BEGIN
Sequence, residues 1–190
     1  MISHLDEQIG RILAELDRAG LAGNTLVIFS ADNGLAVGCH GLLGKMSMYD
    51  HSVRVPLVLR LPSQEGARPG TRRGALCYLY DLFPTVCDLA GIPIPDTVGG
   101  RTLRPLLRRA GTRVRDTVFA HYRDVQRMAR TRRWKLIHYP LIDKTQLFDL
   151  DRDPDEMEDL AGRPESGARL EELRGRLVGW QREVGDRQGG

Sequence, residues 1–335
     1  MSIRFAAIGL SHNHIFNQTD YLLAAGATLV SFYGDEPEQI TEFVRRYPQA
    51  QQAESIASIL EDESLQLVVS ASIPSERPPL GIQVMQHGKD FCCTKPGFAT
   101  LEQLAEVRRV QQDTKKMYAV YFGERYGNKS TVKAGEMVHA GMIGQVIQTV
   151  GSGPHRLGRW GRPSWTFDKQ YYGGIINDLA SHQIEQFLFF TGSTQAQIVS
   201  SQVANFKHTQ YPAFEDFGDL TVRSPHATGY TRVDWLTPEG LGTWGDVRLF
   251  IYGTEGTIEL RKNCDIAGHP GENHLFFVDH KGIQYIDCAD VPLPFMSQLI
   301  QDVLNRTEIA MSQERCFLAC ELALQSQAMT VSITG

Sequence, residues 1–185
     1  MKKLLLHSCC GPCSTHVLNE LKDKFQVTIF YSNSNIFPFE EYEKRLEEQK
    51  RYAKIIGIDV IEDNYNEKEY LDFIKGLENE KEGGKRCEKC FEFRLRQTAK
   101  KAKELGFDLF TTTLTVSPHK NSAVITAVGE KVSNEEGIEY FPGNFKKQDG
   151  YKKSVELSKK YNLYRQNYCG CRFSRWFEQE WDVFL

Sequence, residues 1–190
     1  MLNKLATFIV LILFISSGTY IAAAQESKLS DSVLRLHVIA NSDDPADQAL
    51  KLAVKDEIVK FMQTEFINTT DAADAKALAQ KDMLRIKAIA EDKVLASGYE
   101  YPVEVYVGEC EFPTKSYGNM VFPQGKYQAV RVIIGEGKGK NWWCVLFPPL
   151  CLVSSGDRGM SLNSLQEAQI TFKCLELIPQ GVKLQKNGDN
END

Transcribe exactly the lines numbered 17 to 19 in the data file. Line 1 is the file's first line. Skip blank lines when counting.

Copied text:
   101  KAKELGFDLF TTTLTVSPHK NSAVITAVGE KVSNEEGIEY FPGNFKKQDG
   151  YKKSVELSKK YNLYRQNYCG CRFSRWFEQE WDVFL

Sequence, residues 1–190